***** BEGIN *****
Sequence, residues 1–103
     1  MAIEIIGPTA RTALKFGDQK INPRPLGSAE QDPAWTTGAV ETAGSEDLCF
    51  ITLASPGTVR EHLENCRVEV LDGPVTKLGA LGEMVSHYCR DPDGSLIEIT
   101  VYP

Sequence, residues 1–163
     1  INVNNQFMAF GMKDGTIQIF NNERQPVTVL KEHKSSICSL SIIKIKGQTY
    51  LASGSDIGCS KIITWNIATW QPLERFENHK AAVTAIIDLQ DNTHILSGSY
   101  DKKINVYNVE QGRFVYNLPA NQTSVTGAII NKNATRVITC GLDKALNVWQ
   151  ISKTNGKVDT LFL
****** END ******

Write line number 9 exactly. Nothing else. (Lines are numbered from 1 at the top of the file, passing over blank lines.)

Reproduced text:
   151  ISKTNGKVDT LFL